A new surprise among library books: Famous Photographers Course, in three oversized volumes.
Yes, it was published by “Famous Photographers School,” which apparently is now completely defunct after being absorbed a while back by Al Dorne’s Famous Artists School (which doesn’t offer anything about photography at this point, AFAIK). These books were published back in 1964.
AF, MF, VF, SAF.
After having to answer this over and over again, and by request, I’m making a permanent entry here on the subject of fast accurate focusing with the Contax G2. The next time a Leica collector starts up about “slow AF” (this from a guy with no AF), I’ll at least be able to lean back and type a URL to them with a smooth, authoritarian air.
So here goes:
It’s here! Today I had a copy of GPU Gems 2 in my hand, newly back from the printer. Like new cars, freshly-printed books have that Special Sellable Smell all their own. Sweet. You’ll find a teensy print of this photo inside the front section, as I’ve reprised my section-editor role from the previous edition — though this time I’ve stepped back to let other people write more of the book content proper.
My section, titled simply “High Quality Rendering” covers innovative uses of GPUs in image processing for movies like SpiderMan; in high-end compositing programs like Apple Motion and rendering programs like Gelato; and a handful of other push-the-envelope imaging methods aimed at getting the best quality images possible from a high-speed GPU pipeline. You can get a glimpse of them by checking out the Visual Table of Contents that’s printed inside the book’s front cover. We think this new edition is even better than the first best seller.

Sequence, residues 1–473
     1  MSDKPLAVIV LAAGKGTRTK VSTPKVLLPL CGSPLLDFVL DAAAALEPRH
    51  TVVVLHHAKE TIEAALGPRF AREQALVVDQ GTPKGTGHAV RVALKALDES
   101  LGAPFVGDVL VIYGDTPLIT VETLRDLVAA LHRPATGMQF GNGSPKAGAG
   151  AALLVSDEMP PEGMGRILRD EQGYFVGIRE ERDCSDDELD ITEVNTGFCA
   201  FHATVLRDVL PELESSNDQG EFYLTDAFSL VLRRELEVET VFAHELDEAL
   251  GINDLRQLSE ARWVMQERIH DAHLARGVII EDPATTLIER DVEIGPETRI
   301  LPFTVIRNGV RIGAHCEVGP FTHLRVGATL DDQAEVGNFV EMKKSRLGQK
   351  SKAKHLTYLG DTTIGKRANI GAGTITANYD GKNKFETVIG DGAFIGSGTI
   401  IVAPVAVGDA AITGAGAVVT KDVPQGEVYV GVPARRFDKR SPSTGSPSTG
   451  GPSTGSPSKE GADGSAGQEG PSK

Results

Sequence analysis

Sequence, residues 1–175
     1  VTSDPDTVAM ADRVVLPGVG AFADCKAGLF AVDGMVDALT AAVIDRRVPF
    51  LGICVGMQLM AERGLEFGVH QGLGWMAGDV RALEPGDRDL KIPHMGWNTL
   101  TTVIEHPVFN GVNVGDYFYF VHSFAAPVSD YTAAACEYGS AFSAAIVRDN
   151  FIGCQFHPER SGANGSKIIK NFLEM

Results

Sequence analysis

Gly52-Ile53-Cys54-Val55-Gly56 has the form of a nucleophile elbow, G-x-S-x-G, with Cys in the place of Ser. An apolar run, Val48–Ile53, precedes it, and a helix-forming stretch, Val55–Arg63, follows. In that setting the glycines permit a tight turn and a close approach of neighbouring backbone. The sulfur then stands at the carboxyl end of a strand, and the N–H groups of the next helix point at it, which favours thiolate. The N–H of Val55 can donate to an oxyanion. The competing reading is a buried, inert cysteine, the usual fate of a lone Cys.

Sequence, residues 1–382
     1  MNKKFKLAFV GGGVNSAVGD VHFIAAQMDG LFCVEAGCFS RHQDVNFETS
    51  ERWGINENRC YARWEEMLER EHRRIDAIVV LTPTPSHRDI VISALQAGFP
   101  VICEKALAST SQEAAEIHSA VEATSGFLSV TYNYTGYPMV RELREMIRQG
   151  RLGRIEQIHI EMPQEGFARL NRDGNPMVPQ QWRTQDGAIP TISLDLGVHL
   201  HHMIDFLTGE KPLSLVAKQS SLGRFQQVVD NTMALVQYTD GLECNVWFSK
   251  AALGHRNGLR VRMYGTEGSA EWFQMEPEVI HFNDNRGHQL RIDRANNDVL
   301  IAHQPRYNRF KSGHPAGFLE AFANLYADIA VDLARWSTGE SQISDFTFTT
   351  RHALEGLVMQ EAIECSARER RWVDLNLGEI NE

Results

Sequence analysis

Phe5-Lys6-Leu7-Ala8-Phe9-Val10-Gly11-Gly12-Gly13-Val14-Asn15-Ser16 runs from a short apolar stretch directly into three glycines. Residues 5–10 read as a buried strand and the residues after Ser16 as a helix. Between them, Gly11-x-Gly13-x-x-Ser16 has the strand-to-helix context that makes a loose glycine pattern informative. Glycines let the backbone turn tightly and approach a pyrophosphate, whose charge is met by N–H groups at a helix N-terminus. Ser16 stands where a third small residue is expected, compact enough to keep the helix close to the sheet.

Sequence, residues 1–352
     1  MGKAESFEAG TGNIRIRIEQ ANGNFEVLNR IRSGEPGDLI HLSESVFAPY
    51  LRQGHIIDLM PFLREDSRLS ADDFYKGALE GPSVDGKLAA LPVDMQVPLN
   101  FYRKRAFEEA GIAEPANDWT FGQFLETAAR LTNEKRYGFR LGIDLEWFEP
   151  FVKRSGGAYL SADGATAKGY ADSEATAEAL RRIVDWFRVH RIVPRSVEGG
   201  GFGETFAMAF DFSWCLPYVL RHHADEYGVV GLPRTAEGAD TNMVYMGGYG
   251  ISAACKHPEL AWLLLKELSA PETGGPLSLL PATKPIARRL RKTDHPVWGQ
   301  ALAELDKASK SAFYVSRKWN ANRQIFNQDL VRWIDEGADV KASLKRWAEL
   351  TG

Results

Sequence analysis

You can order Gems 2 from Amazon or just show up at the Moscone Center for the Game Developers Conference 2005 where there are sure to be copies on-hand and on sale. Last year’s conference booksellers sold as many copies of Gems 1 as the printer could ship!
It’s been a crunch week and only now for the long weekend do I get a chance to even start looking at the photos from last weekend’s wedding of Nicole (obvious in this shot) and Brandon (with the cake). Still haven’t processed the Ektachrome.
After having an enjoyable swipe through a few best photo books of 2004 lists, I thought the task was worth expanding — so a new project is to work through the titles in Andrew Roth’s The Book of 101 Books: Seminal Photographic Books of the Twentieth Century and read each one I can find. A couple of them, I happily realized, I already owned (okay, not originals but I’m not after originals — the goal is reading, not collecting). After a couple of weeks of picking-around, the score so far: